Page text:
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Binocular Video Game Tx Disappoints in ‘Lazy Eye’ Trial

Binocular Video Game Tx Disappoints in ‘Lazy Eye’ Trial

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Action Points

  • In difficult-to-treat amblyopia (“lazy eye”) among older children, teenagers, and adults, binocular video game treatment proved to be no more effective than treatment with a placebo video game in a randomized clinical trial.
  • Note that while adherence to the active video game treatment was poor in this study and in an earlier pediatric trial, improved outcomes may be possible with more interesting video games.

Binocular treatment incorporating a therapeutic Tetris-like video game proved to be no more effective than treatment with a placebo video game among older children, teenagers, and adults with difficult-to-treat amblyopia, Canadian researchers reported.

The home-based binocular modified falling-blocks video game used in the trial appeared to have no significant impact on visual function in study participants with the visual disorder, widely known as “lazy eye.” Mean amblyopic eye visual acuity improved 0.06 (SD 0.12) logMAR from baseline in the active group (n=56) and 0.07 (SD 0.10) logMAR in the placebo group (n=59), according to Benjamin Thompson, PhD, of the University of Waterloo in Waterloo, Ontario, and colleagues.

Adherence to the active falling-block video game treatment was poor in this study, and the 2016 Pediatric Eye Disease Investigator Group (PEDIG) trial, but improved outcomes may be possible with more interesting video games, they suggested in JAMA Ophthalmology.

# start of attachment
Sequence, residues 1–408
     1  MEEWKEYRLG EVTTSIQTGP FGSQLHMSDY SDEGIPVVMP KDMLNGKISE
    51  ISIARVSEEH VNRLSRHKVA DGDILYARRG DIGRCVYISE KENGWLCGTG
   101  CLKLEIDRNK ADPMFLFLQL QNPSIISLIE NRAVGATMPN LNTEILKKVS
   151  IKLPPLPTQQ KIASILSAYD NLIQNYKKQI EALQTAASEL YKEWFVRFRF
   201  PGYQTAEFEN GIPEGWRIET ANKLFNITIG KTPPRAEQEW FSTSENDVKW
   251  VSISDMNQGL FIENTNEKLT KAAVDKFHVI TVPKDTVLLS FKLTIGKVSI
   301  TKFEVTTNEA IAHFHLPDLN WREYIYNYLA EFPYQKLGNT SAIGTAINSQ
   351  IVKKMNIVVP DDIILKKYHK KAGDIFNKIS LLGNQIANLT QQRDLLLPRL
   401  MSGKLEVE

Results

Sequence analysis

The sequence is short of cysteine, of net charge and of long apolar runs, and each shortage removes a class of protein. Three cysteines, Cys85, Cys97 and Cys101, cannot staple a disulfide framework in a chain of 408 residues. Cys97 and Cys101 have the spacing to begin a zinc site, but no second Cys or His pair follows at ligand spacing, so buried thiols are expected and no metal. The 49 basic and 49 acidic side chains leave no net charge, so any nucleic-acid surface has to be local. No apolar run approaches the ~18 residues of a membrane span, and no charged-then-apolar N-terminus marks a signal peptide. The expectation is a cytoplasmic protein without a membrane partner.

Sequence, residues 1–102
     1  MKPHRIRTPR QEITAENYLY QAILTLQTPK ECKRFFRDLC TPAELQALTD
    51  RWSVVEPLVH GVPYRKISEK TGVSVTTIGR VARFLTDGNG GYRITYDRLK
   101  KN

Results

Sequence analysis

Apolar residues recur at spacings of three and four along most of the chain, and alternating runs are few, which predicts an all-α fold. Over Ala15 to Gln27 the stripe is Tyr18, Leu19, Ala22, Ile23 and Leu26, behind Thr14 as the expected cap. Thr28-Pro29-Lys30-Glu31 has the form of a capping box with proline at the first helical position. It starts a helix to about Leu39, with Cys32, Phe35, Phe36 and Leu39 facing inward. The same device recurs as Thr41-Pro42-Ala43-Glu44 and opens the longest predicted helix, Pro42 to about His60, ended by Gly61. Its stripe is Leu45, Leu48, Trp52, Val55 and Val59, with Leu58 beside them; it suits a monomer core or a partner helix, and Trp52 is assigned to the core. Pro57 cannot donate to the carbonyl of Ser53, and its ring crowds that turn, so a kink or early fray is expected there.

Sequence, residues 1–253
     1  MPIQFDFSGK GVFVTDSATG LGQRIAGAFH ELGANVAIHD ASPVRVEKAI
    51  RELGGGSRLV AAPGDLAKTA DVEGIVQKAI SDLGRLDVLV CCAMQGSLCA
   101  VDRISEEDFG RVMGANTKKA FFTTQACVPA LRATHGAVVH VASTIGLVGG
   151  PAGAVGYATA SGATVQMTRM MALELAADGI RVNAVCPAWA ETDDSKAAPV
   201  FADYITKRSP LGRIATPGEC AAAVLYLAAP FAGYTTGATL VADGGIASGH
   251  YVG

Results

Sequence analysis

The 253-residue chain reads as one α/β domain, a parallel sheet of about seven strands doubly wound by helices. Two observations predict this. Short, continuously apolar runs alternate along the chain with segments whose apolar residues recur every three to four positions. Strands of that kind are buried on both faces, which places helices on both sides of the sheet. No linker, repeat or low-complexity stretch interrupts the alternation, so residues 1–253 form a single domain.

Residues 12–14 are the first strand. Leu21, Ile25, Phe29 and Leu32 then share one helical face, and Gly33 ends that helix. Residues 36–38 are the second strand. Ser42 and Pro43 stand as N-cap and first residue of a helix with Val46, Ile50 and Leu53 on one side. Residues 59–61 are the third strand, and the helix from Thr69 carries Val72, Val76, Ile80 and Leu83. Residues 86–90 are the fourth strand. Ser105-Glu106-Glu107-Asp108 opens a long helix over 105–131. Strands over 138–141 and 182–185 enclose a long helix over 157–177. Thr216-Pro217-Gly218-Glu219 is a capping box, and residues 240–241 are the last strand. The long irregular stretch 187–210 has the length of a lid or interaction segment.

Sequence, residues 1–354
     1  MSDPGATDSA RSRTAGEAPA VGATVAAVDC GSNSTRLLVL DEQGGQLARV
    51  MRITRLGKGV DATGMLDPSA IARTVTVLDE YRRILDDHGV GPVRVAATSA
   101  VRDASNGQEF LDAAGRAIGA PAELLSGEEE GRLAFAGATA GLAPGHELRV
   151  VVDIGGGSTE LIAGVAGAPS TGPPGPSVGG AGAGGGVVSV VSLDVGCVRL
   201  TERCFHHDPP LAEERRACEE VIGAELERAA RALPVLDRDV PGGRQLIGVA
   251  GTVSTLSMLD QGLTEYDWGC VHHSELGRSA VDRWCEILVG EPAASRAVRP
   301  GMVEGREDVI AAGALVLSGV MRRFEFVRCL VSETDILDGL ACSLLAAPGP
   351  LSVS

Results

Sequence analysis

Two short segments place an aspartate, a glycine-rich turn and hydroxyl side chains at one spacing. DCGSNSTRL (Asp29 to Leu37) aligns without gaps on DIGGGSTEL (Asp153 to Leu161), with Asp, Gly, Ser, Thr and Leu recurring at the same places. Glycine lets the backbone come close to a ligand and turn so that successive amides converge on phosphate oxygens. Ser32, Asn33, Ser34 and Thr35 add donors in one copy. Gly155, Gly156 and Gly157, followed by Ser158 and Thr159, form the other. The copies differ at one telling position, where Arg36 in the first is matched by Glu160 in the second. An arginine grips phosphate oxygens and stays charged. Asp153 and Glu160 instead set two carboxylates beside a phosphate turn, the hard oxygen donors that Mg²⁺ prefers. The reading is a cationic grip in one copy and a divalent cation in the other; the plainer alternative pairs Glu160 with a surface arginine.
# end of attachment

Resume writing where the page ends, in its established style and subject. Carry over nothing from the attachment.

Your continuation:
The current Binocular Treatment of Amblyopia Using Video Games (BRAVO) trial and PEDIG trial showed no significant benefit for the binocular approach to treating amblyopia, Thompson’s group noted.

“Future development of more engaging video games, more sophisticated means of monitoring compliance and attention, and proven effectiveness in randomized clinical trials are required before binocular treatments are ready for use,” they wrote.

Both the active and placebo treatments in the BRAVO trial were falling-blocks video games on Apple iPod Touch devices viewed through red-green anaglyphic glasses worn over refractive correction.

The active video game showed different game elements to each eye, with the amblyopic eye shown a subset of game elements at 100% contrast, while the non-amblyopic eye was shown remaining game elements at a lower contrast set individually using a dichoptic global motion measure of interocular suppression.

“Where participants could not reliably perform this test, fellow eye contrast was manually set to allow simultaneous perception of all game elements during binocular viewing,” the researchers wrote. “Binocular combination was required to successfully play the active video game. Fellow eye contrast increased proportionally by 15% each day if the game was played for at least 15 minutes and a high score of at least 1,000 points was achieved the previous day.”